CITP Seminar – Law and Technology in Theory and Practice

Date and Time
Tuesday, March 19, 2024 - 12:30pm to 1:30pm
Location
Sherrerd Hall 306
Type
CITP
Speaker
Ryan Calo, from University of Washington

Rescheduled from Feb 13


Ryan Calo
Using driverless cars, artificial intelligence, cochlear implants, nuclear power and other examples, this talk will walk through various hurdles to the successful legal analysis and governance of emerging technology. The talk will identify law’s unique role in channeling technology toward human flourishing, argue that law and technology constitutes a distinct field of study, and suggest a step-by-step methodology for this field going forward.

Bio: Ryan Calo is the Lane Powell and D. Wayne Gittinger Professor at the University of Washington School of Law. Calo is a visiting fellow at CITP for the spring 2024 semester. He is a founding co-director (with Batya Friedman and Tadayoshi Kohno) of the interdisciplinary UW Tech Policy Lab and a co-founder (with Chris Coward, Emma Spiro, Kate Starbird, and Jevin West) of the UW Center for an Informed Public. He holds a joint appointment at the Information School and an adjunct appointment at the Paul G. Allen School of Computer Science and Engineering.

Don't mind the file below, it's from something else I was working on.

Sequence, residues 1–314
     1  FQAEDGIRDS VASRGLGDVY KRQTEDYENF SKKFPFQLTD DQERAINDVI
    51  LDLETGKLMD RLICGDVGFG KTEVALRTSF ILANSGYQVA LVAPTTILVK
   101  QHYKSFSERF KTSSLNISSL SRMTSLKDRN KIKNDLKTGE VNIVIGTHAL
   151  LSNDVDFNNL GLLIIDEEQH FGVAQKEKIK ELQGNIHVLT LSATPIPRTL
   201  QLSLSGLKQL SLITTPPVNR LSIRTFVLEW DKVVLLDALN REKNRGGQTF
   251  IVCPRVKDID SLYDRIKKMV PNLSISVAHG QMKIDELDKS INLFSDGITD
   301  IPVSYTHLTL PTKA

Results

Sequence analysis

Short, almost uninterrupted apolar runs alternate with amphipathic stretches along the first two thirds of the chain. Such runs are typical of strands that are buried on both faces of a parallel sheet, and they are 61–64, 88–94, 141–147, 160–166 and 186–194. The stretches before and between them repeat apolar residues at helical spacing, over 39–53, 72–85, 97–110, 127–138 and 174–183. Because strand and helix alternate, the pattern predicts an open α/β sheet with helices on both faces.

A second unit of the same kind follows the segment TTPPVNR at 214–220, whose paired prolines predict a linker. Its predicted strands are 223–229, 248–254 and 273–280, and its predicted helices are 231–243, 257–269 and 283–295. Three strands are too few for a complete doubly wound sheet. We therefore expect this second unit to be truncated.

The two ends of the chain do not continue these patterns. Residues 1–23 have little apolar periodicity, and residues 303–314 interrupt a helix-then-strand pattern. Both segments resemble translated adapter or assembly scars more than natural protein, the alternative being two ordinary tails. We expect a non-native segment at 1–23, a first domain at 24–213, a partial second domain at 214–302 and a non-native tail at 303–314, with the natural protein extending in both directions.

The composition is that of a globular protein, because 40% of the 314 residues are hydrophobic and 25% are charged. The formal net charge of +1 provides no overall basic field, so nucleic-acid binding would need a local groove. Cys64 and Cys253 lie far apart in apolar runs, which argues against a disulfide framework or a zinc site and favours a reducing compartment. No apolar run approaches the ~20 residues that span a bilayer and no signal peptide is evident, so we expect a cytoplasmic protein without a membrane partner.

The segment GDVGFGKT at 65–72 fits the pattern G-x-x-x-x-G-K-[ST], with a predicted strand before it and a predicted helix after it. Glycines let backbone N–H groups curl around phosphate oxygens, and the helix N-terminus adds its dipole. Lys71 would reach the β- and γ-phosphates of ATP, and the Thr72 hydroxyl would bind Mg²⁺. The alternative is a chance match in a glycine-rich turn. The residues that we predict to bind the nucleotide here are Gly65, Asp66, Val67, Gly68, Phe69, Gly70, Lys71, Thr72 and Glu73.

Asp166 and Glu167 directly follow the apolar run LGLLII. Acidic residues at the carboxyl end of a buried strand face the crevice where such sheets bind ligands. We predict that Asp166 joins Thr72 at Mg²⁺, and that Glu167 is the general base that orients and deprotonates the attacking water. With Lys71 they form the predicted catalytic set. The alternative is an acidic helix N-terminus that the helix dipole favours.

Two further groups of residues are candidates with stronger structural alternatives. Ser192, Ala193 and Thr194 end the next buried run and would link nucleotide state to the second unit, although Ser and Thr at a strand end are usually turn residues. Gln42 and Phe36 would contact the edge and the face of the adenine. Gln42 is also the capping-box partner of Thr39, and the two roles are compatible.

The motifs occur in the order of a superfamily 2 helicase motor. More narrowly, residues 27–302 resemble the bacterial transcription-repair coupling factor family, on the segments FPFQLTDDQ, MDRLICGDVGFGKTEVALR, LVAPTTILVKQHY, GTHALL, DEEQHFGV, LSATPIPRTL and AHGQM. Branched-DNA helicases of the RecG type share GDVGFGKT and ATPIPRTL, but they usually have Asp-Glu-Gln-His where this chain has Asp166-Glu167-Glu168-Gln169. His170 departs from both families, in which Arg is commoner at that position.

Calo’s research on law and emerging technology appears in leading law reviews (California Law Review, Columbia Law Review, Duke Law Journal, UCLA Law Review, and University of Chicago Law Review) and technical publications (MIT Press, Nature, Artificial Intelligence) and is frequently referenced by the national media. His work has been translated into at least four languages. Calo has testified three times before the United States Senate and organized events on behalf of the National Science Foundation, the National Academy of Sciences, and the Obama White House. He has been a speaker at President Obama’s Frontiers Conference, the Aspen Ideas Festival, and NPR‘s Weekend in Washington.


In-person attendance is restricted to Princeton University faculty, staff and students.

This talk is open to the public via Zoom.

This talk will be recorded and posted to the CITP website, YouTube channel and to Media Central.

If you need an accommodation for a disability please contact Jean Butcher at butcher@princeton.edu at least one week before the event.

CITP Seminar – Visibility in the Creator Economy: Navigating the Promises and Precarities of Platform Labor

Date and Time
Tuesday, February 27, 2024 - 12:30pm to 1:30pm
Location
Sherrerd Hall 306
Type
CITP
Speaker
Brooke Erin Duffy, from Cornell University

Brooke Erin Duffy